70 Hungarian postcards to the 70-year-old Israel
The genius visual messenger
Visual messages affect all of us. There are some among us who write these, but we're all their readers.
Let us now read the works created by Dan Reisinger, which have become natural parts of our everyday life in Israel. If we were to list all that we take for granted as part of the Israeli visual language, the lettering, signs, company logos, or images, we’d surprisingly often find the same artist of Hungarian origin, Dan Reisinger behind them. Streets, advertisements, the public life and newspapers are filled with the logos designed by him for various construction companies, insurance companies, television studios, newspapers, leading cultural institutions, gas stations, and universities. Or if we just take the Teva medicine from the pharmacy back home, take the train, take a can of paint from Tambur, Lilly's toilet paper, or the fruit labeled Carmel. The most well-known ones are the logos of the Tel-Aviv Museum, El-Al, Electra, or of Africa Israel.
Let’s take for example an, in our everyday lives lesser known military award. The visual parallelism indicates a conceptual parallel: on the two waves the sword and the laurel stand for the interconnected pair of power and glory; their contour leaves the round frame of the medal and it is written into the endlessness of the sky signified by the blue ribbon.
One of the most astonishing pieces among the posters is the 1993 Megint? [Again?], whose pictorial simplicity, the red star breaking into pieces along the outlines of a swastika, also constitutes a shocking political prediction. Bertold Brecht looks at the world in different depths wearing the red-green 3D glasses on the 1998 poster.
On the Habima emblem the starting and closing letters look like the curtains of the stage opening. The packaging of Teva's drugs reminds us of colorful building blocks. His brilliant image the wolf and lamb poster is a visual fairy tale lesson: "We tried everything except separation." (Will they eat each other? I only hope it's not about the Palestinian and Israeli two-state solution).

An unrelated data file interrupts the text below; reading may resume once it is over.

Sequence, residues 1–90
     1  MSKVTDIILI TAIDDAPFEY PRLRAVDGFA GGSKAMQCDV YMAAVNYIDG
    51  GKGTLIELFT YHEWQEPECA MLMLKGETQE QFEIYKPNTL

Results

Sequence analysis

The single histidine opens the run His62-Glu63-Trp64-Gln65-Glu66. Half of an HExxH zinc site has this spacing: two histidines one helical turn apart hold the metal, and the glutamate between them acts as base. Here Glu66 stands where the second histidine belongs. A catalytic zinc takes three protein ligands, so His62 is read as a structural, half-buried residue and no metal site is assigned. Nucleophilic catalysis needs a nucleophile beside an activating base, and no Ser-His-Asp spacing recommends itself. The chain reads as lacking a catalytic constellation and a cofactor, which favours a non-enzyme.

He plays with the seemingly endless variations of patterns using basic colors and forms on the perpetual wall calendar of the New York MoMA (1987).
All his work is based on the modern imagery created with simple basic colors and shapes, which I see as being similar to the problem of bread baking. The fewer the ingredients are, the harder it is to hit the flawless ratio.
Most of the companies have not yet changed their logo, as opposed to our paper money, because they kept their modernity amidst the fast-moving trends.
Dan Reisinger was born in 1934 in Magyarkanizsa, to a Hungarian-Jewish family. This village used to formerly belong to the Austro-Hungarian Monarchy, and later became part of the former Yugoslavia.
The boy was has not yet turned ten when he lost almost all his family. As an adolescent he joined the partisans and participated in their actions. After the war, in 1949, he moved to Israel with his mother and stepfather.
At the age of sixteen, he was admitted to the Bezalel University of Arts as the youngest student. He studied 1957 in Brussels and then in London (1964-66), at the Central School of Art and Design, where he studied three-dimensional design.
Returning to Israel, he opened his own studio in Tel-Aviv. There was a long line of public and private orders, exhibitions and posters, an incredibly rich creative career, which earned him the largest award of the State of Israel, the Israeli Prize (Pras Israel).
It warms my heart that, in his biography, he emphasized that in 2003 he was invited to Budapest by the Hungarian Prime Minister and, commissioned by the Holocaust Commemoration Commission, they built a memorial for the forced labor-service victims on the basis of his design.
His latest exhibition has just opened about a month ago at the Israel Museum in Jerusalem under the title Útjelzések [Roadsigns], to showcase his 60-years of life work. The exhibition is open until June 3rd.
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